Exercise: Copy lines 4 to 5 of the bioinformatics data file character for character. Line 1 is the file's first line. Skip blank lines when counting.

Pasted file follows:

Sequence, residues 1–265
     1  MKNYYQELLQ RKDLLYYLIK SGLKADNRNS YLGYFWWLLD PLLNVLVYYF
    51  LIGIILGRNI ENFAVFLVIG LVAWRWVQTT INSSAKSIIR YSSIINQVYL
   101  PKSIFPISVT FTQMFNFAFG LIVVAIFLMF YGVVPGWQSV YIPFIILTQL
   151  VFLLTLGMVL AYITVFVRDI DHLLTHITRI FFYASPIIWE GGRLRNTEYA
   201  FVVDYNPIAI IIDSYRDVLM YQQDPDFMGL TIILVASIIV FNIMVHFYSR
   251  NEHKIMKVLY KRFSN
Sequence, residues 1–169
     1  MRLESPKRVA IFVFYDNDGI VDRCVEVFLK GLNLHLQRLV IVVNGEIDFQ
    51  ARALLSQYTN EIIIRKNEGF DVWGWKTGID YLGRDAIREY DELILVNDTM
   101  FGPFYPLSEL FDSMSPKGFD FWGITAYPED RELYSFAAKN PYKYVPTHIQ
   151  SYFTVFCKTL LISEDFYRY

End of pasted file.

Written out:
   101  PKSIFPISVT FTQMFNFAFG LIVVAIFLMF YGVVPGWQSV YIPFIILTQL
   151  VFLLTLGMVL AYITVFVRDI DHLLTHITRI FFYASPIIWE GGRLRNTEYA